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Covered Market needs promotion to boost fortunes
JOHN Partington, owner of Oxford Covered Market’s now defunct Chocology shop, summed up the thoughts of some traders when he landed a barbed parting shot at owners Oxford City Council.
Mr Partington – whose rent was recommended to go from £35,000 to £40,000 – this month told the Oxford Mail: “They are trying to screw us all the time.”
The departure of the shop – which had been operating in the 239-year-old city centre venue since 2001 – is the latest twist in a saga that the Labour-run authority says it is doing everything it can to resolve.
The market appears to be at a turning point. Traders spoken to by the Mail say footfall is down, though council leader Bob Price says it has a high number of visitors and it’s the offer that is often lacking.
The authority believes action is needed to boost traders’ profits and is spending £44,000 on a retail consultants’ report, due in the coming two months.
The council has a vested interest in doing this – it wants to put rents up by as much as 70 per cent and is awaiting results from an independent adjudicator on five businesses, which will then determine the rest.
But executive board member for city development Colin Cook said: “The actual rents are relatively low compared to many High Street retailers and the tenants also get many other benefits such as cleaning and insurance that High Street retailers don’t.”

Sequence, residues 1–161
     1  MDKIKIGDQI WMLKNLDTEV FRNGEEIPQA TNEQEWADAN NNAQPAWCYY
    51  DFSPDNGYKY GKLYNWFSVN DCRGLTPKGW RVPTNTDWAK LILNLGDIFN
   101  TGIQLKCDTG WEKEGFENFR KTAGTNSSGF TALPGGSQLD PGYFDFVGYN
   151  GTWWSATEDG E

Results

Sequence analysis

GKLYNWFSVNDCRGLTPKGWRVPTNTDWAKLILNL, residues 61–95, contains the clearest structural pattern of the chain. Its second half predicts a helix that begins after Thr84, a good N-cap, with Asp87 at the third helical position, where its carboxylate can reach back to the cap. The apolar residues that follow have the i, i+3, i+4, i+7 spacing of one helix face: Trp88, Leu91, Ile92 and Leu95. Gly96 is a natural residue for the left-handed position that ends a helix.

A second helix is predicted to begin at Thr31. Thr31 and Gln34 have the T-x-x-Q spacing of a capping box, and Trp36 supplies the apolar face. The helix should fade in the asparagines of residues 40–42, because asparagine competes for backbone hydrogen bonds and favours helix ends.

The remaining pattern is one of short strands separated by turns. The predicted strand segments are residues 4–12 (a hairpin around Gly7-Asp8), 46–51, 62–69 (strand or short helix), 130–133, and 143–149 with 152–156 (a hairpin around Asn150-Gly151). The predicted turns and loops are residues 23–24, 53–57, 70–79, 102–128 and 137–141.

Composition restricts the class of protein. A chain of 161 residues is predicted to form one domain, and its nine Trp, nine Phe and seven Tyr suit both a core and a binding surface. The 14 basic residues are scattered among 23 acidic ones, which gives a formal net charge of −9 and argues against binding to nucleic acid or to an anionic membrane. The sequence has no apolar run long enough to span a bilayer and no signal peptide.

Pointing to an average rent of £16,800, he said: “It would be difficult to rent a shop in Oxford city centre at this level, even in the secondary locations.
“What we have asked for is the market level. In the dim and distant past we haven’t.”
Some rents were hiked in 2007. Reviews take place every five years but the 2012 increases have been postponed until the adjudicator makes a ruling.
The authority says it is upholding its end of the bargain by keeping out “multiple” chains to preserve the market’s character, but Mr Cook said the door has to swing both ways.
He said: “The traders need to work with us to improve the offer and provide stuff that people want to buy.”
Traders say promotion and better signage to its entrances in Market Street and High Street is key, as an estimated five per cent of Cornmarket Street shoppers take a right turn to the market.
The council said it had “paid for advertising and promotion” but refused to provide figures, saying traders “also need to invest in their future through positive advertising and promotion”.